June 18 - It's lost its crown as Africa's top economy but platinum strikes do look like they are about to end. Hayley Platt looks at South Africa's prospects after President Zuma's state of the nation address.
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There was plenty of pomp and ceremony as South Africa's President gave his state of the nation address.
And Jacob Zuma was keen to reflect a similar all guns blazing approach to re-igniting an economy that has been weak now for almost three years.
(SOUNDBITE) (English) PRESIDENT OF SOUTH AFRICA JACOB ZUMA SAYING:
"We have set a growth target of 5 per cent by 2019. To achieve this, we will embark on various measures and interventions to jump-start the economy."
He blamed the five-month-long strikes in the platinum sector and the global economic slowdown for recent weakness.
Growth was just 1.9% last year and Standard and Poor's has just downgraded the country's credit rating.
Nigeria - not South Africa - is now the continent's biggest economy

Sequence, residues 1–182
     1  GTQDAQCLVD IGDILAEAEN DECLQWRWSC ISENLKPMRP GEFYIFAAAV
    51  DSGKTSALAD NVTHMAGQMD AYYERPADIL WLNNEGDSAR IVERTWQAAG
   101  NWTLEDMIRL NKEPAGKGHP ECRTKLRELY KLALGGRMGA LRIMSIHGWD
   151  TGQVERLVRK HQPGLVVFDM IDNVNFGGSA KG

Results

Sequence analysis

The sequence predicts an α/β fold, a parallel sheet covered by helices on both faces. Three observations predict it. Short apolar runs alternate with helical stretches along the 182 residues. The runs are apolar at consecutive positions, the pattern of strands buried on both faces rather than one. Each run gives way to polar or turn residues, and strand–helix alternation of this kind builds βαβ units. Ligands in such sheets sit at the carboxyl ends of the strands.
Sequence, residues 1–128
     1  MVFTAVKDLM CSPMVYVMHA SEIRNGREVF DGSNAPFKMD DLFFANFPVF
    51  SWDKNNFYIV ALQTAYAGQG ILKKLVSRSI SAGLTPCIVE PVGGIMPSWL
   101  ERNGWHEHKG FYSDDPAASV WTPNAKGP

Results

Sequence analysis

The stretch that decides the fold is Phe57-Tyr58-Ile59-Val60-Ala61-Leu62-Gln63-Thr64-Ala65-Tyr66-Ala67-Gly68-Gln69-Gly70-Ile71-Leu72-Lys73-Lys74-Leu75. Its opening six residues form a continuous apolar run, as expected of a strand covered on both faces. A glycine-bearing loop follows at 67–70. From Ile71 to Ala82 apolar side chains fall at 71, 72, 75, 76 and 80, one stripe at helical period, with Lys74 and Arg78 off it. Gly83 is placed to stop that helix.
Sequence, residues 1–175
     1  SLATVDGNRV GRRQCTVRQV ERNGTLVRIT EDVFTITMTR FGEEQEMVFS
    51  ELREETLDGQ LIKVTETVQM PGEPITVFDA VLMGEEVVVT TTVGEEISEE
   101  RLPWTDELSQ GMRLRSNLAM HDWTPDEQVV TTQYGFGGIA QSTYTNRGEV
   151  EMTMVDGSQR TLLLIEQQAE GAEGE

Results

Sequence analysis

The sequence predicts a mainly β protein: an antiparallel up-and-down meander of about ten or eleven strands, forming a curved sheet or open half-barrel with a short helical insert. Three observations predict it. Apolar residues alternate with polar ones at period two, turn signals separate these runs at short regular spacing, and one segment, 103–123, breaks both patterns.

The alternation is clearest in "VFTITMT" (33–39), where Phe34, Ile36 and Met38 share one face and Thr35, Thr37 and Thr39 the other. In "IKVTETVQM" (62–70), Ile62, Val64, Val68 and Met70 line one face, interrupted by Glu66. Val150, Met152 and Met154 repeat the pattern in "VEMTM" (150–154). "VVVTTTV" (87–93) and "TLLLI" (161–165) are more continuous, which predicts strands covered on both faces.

(SOUNDBITE) (English) PRESIDENT OF SOUTH AFRICA JACOB ZUMA SAYING,
"The low level of investments is a key constraint to economic growth. We are determined to work with the private sector to remove obstacles to investment."
New spending figures offered some encouragement - up almost 3% for the start of this year compared with a near 4% fall at the end of last year.
But household spending slowed, with many consumers having less cash due to the mining strikes.
An end to the industrial action had been looking likely.
But the companies now say they can't meet the unions demands and more talks are needed.
So does South Africa really stand any chance of achieving 5 percent growth?
Economist Christian Shulz from Berenberg Bank says it has some payment balance issues to address first.
SOUNDBITE: Dr. Christian Schulz, chief economist, Berenberg, saying (English):
"South Africa needs structural reforms, it needs to become a more stable, political place and become a society much more open to Foreign Direct Investment that could in the long run lead to rebalancing of the current account and thus less vulnerability to fluctuations elsewhere."
The address was the 72-year-old President's first public appearance since he was hospitalized for two days earlier this month.
He'd been suffering from exhaustion after elections in May.
With unemployment at 25% and widespread poverty his economy perhaps needs a similar tonic.
But he doesn't specify exactly what medicine he's prescribing and that could be the fly in the ointment.
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